Enough about what's still bad about the median image; let's look at what's good. Since shadows and highlights from individual images in the set are no longer having large effects on the output like they did in the mean image, we can now easily see a pattern across the entire image. Every 8th pixel column and, to a lesser extent, every 8th pixel row tend to be darker than the rest of the image. This is (probably) a result of the JPEG compression's 8x8 DCT blocks. I'm not an expert on JPEG compression, so I'm not sure why the bottom- and right-most pixels of each DCT block would tend to be darker, but I'm not surprised to see some sort of effect from the 8x8 blocking. Since I've stretched the output, I don't know how much darker the 8th column and row tend to be, so I can't say if it's significant enough to amount in a value difference great enough to be 'corrected'.
I also see several small, faint, ring-like features about 50 pixels in diameter. The most prominent one is vertically centered, to the left of the bright central region. There's also one higher up, all the way against the left edge, with another one touching or overlapping it to the right. I think I see one more to the upper right of the bright central region of the image. It's possible they're from the long series of backlit Pluto images, but to affect the median that much, Pluto would've had to have been in those particular spots in a very large number of images, and I don't recall that occurring in the image set. Plus, I feel like I've seen little ring-like features in flat fields before, so I'm leaning toward them being actual persistent features affecting the whole image set.
Regardless, we have at least succeeded in extracting (or at least detecting) some pattern (using the word loosely), that did not exist in the real scene being imaged, that appears to manifest itself throughout the image set, which is more-or-less what flat-fielding is for.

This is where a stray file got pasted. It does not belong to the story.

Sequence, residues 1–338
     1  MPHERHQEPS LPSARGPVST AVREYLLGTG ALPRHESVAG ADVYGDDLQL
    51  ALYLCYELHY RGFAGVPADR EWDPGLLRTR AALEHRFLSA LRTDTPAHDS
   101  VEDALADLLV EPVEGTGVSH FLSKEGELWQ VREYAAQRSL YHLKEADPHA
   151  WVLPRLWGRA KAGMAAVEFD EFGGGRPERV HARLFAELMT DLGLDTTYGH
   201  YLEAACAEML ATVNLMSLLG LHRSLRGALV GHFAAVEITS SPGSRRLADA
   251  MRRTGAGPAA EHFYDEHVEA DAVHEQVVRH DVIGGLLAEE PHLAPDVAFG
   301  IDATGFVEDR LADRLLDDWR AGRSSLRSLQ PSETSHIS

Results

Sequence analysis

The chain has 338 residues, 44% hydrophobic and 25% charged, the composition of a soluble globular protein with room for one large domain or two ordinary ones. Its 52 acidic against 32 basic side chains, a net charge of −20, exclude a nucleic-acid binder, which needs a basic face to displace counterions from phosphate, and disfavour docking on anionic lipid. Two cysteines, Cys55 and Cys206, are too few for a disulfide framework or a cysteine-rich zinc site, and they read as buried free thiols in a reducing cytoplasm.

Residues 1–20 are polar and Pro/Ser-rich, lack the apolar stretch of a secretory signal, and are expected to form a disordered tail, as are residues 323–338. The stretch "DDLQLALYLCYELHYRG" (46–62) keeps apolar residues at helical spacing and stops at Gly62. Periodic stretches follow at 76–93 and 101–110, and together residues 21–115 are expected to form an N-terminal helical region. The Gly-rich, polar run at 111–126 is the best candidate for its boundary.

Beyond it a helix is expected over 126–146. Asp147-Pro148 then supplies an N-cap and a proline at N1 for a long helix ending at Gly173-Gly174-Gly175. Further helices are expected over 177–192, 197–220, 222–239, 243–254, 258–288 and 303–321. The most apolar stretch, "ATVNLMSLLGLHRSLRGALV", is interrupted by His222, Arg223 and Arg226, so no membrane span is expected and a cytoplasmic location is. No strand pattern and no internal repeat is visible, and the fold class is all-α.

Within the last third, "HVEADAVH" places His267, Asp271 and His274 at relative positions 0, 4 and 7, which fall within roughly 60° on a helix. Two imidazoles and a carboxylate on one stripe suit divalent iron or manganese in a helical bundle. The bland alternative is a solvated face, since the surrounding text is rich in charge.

Now, that was all to say: if you have to average across a set of images, don't do it with means when you can do it with medians, so you won't get thwarted so quickly by shadows and highlights.
Depending on the type of image content in your image set and the size of the image set, you might be able to get something that approaches being a useful flat field by using simple medians across the image set, but even with a virtually infinite set of data, you'll get undesirable results if the same object or type of object has a tendency to appear in a particular part of the image; you'll end up trying to cancel out or dull the real object, even when it's not there. With images from spacecraft and rovers, unfortunately, you do tend to have situations where a particular part of the image tends to contain certain things more often than other parts of the image. For example:
  • for rovers, rover structure tending to appear more often in one part of the image than others
  • for rovers, sky/space tending to be at the top of the image and terrain tending to be at the bottom
  • for spacecraft, planets tending to be near the center of the image
  • for everything, lens flare and related optical phenomena tending to appear more or to be most visible in certain parts of the image (but unlike vignetting, not affecting the entire set)

Those last two are some of the reasons simple medians across the image set would never be able to produce a useful flat field for those LORRI JPEGs I used in the example. We were at least able to extract/detect a DCT block brightness pattern that apparently exists throughout the JPEG image set and possibly some small ringlike features, so I won't say the median was entirely useless.

I've rambled on for so long already that I probably shouldn't start repeating things others have already said, but I've never been one to listen to my own advice so I'll repeat that some types of images can be useful for producing flat fields by themselves. Rovers and landers often do periodic sky imaging for various purposes (e.g. measuring atmospheric properties like optical depth) and those can be (and have been) used to produce flat fields and the result should be more accurate than averaging across a big image set.

I know your question was specifically about VMC so some of what I just wrote might not be particularly useful, but given the particular forum the thread is in, I've just been responding to the topic of generating flat fields from image sets in general.

The last thing I'll say is that if there's already a flat field provided by the instrument team, I'd strongly suggest using it if at all possible, even if you have to do a bunch of extra work to make it work in your environment, unless you have a specific reason to think it won't work well for whatever you're trying to do or you're just doing it to see if you can or whatever (I do that a lot).